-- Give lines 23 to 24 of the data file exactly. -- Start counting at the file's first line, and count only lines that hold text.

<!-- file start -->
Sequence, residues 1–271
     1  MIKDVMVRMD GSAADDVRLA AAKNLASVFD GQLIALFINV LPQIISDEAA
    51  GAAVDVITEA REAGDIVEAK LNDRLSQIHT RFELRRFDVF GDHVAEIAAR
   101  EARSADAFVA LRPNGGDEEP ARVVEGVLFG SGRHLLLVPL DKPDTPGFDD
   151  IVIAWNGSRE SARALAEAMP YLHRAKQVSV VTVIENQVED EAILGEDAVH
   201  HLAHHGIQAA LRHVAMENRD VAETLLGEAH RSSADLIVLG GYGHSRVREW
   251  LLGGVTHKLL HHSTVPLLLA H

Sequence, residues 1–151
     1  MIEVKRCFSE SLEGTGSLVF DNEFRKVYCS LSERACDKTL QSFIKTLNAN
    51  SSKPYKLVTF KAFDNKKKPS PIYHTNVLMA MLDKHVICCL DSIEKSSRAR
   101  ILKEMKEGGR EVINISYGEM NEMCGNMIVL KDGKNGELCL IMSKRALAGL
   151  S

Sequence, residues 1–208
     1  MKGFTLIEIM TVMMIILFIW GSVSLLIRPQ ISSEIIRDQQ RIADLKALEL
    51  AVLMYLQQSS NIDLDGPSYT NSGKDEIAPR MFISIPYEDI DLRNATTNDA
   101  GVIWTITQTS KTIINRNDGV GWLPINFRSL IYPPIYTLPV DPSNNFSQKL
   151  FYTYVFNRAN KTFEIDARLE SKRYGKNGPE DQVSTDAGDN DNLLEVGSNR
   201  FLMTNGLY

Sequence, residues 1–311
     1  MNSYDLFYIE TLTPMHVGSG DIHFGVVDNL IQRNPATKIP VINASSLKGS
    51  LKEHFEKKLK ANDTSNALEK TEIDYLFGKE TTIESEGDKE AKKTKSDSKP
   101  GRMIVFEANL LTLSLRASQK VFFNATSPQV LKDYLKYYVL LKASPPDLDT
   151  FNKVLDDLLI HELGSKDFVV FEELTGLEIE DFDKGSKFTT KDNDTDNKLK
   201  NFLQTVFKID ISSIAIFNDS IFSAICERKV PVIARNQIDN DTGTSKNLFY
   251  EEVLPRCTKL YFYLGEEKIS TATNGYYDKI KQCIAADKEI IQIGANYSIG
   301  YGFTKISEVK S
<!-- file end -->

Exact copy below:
   151  FNKVLDDLLI HELGSKDFVV FEELTGLEIE DFDKGSKFTT KDNDTDNKLK
   201  NFLQTVFKID ISSIAIFNDS IFSAICERKV PVIARNQIDN DTGTSKNLFY